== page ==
Downtown Cairo has long had a strong relationship with the arts.
It boasts the capital’s largest cluster of theaters, cinemas and intellectual cafes, and is one of very few places that is almost entirely architecturally preserved – even if its infrastructure is in a state of decay.
Arts and political activity have inevitably had a long history of going hand-in-hand here: Tahrir Square – downtown’s epicenter – hosted protests against British rule and later other protests, and many government buildings are nearby.
In reaction to the censorship, bad management and weak curatorship at state-owned spaces, the 1990s saw an alternative art movement proliferate from the city center.
Little information is available on this scene’s past activities. There are articles here and there, but many link to websites that are no longer running, and spaces’ archives have almost no public access. There is a crisis of documentation: Journalists and researchers writing about it are limited in numbers and scope, and the artists and spaces themselves cannot sustain documentation efforts on their limited resources.
Contemporary art take-off
Townhouse Gallery. Courtesy: Townhouse Gallery
The early 1990s saw various gallerists running profit-driven downtown spaces focused on contemporary visual art. Stefania Angarano opened Mashrabia Gallery in 1990, followed by the late Renata Jordan’s gallery Cairo-Berlin, and then Espace Karim Francis in 1995.
When William Wells established Townhouse in 1998, he was thinking big. He noticed that many Egyptian artists were creating large-scale works, but most galleries were in low-ceilinged apartments. The 1890s building accommodating Townhouse on Nabrawy Street was spacious and cheap to rent. Wells and his team collaborated with their neighbors – mostly mechanic workshops and handy-men – to make the space exhibition-ready.
These new contemporary art spaces had the common goal of bringing diverse audiences to their shows.
Al-Nitaq Festival, which took place in 2000 and 2001 before halting due to internal struggles between its organizers, was a collaboration between Wells, Francis and Angarano. A spectacle of exhibitions, concerts, lectures, performances, short films and talks, it utilized spaces in downtown in new ways: abandoned buildings such as La Viennoise were used for exhibiting for the first time, as well as shop fronts on Talaat Harb Street, hotel rooms, balconies, bars, restaurants, internet cafes and local coffee shops.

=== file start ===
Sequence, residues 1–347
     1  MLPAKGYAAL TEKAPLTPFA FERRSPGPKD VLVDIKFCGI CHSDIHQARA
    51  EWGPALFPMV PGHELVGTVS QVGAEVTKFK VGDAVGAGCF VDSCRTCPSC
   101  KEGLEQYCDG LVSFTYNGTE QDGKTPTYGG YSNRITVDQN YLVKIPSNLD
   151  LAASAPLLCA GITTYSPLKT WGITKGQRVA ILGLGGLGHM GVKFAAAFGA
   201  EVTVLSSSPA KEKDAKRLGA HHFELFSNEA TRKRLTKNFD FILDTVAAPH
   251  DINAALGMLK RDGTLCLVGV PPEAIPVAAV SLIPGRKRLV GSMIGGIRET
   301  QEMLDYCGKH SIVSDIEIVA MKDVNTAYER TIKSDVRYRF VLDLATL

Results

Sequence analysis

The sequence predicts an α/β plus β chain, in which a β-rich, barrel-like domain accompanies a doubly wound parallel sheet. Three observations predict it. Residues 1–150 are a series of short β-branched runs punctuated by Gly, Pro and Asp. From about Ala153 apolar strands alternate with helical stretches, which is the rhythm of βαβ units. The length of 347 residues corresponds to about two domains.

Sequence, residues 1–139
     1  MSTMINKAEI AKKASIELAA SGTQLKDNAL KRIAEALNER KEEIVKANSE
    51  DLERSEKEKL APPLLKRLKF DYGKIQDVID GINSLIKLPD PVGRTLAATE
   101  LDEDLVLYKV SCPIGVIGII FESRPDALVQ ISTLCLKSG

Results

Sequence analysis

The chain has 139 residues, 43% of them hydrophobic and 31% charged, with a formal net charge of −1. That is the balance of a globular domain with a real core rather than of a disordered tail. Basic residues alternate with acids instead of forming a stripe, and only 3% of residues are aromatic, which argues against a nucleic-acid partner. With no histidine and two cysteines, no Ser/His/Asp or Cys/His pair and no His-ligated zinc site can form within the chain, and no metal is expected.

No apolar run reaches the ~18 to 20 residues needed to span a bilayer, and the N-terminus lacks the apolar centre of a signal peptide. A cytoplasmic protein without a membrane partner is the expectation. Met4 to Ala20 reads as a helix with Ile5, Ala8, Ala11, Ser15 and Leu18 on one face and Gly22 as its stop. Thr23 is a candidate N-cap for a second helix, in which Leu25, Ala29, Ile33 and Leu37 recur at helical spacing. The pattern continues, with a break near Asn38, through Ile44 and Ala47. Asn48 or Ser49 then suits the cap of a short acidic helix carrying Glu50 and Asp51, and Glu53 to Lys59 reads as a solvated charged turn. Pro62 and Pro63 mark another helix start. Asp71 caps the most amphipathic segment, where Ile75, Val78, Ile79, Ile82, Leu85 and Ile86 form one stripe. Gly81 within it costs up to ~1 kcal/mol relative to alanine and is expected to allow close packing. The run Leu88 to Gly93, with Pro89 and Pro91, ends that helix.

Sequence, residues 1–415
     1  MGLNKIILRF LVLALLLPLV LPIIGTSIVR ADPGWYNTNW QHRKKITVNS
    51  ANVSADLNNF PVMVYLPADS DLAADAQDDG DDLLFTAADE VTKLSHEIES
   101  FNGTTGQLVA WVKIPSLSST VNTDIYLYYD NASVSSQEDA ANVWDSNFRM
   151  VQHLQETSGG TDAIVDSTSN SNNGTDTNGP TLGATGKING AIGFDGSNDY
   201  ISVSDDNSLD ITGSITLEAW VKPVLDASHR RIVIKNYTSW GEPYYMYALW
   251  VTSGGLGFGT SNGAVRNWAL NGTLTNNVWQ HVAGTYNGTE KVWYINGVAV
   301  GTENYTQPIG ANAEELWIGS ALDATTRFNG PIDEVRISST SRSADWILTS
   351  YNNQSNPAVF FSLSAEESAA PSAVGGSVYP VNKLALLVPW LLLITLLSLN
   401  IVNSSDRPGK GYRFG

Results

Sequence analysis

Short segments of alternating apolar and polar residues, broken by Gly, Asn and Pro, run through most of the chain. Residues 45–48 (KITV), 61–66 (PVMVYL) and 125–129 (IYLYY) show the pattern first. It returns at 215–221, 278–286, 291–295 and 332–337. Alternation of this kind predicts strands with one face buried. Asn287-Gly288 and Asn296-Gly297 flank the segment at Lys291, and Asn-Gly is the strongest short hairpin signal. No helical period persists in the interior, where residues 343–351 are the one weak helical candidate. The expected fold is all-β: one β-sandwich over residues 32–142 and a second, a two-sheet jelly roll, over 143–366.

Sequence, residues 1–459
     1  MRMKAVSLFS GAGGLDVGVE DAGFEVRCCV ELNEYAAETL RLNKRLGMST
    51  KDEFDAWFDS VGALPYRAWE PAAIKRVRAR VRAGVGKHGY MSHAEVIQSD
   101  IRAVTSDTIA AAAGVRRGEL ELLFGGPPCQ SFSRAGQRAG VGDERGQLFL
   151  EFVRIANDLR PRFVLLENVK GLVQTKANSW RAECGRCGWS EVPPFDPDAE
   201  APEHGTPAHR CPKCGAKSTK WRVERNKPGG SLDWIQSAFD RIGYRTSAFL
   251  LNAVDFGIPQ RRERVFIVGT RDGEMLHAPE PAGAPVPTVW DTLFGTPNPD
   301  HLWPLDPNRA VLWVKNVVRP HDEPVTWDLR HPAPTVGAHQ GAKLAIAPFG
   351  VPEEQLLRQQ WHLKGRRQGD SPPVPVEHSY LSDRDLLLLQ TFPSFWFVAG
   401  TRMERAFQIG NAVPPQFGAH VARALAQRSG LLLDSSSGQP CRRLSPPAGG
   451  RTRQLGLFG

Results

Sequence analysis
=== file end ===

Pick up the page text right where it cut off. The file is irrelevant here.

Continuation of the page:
The first edition was the first time in Cairo that a festival, run independently from any funding (artists each paid for their own productions), transformed an entire neighborhood into a bustling art show.
Wells says the second edition, which received funding and ran parallel to the state-run Cairo Biennale to capitalize on already existing infrastructure, was more important for contemporary art.
“Careers were made during the second Nitaq,” he says, adding that the off-biennale setting allowed for a new dialogue between regional artists.
“Opening night of the Nitaq Festival, itself an installation of sorts, was a ‘production’ blurring the lines between art and life, theater and the quotidian, private space and public space,” wrote Youssef Rakha and Nur Elmessiri in Ahram Weekly at the time of the second edition of Nitaq. “Downtown Cairo, magnanimous as ever, allowed it all to unfold, festively and unobtrusively at the same time.”
Through the two editions of Nitaq, downtown was confirmed as the center of the contemporary art movement. The neighborhood transformed into a melting pot of diverse cultures from the city — many remember people adapting together remarkably quickly.
PhotoCairo, initiated in 2002 and now having gone through five editions so far (the last in 2012), was also a starting point for the artist collective that two years later established the Contemporary Image Collective (CIC), a go-to place for young photo enthusiasts to learn photography but also home to an array of stimulating exhibitions and talks. It started CIC in Townhouse’s annex, moved to Mounira, then in 2010 to downtown’s Abdel Khalek Tharwat Street.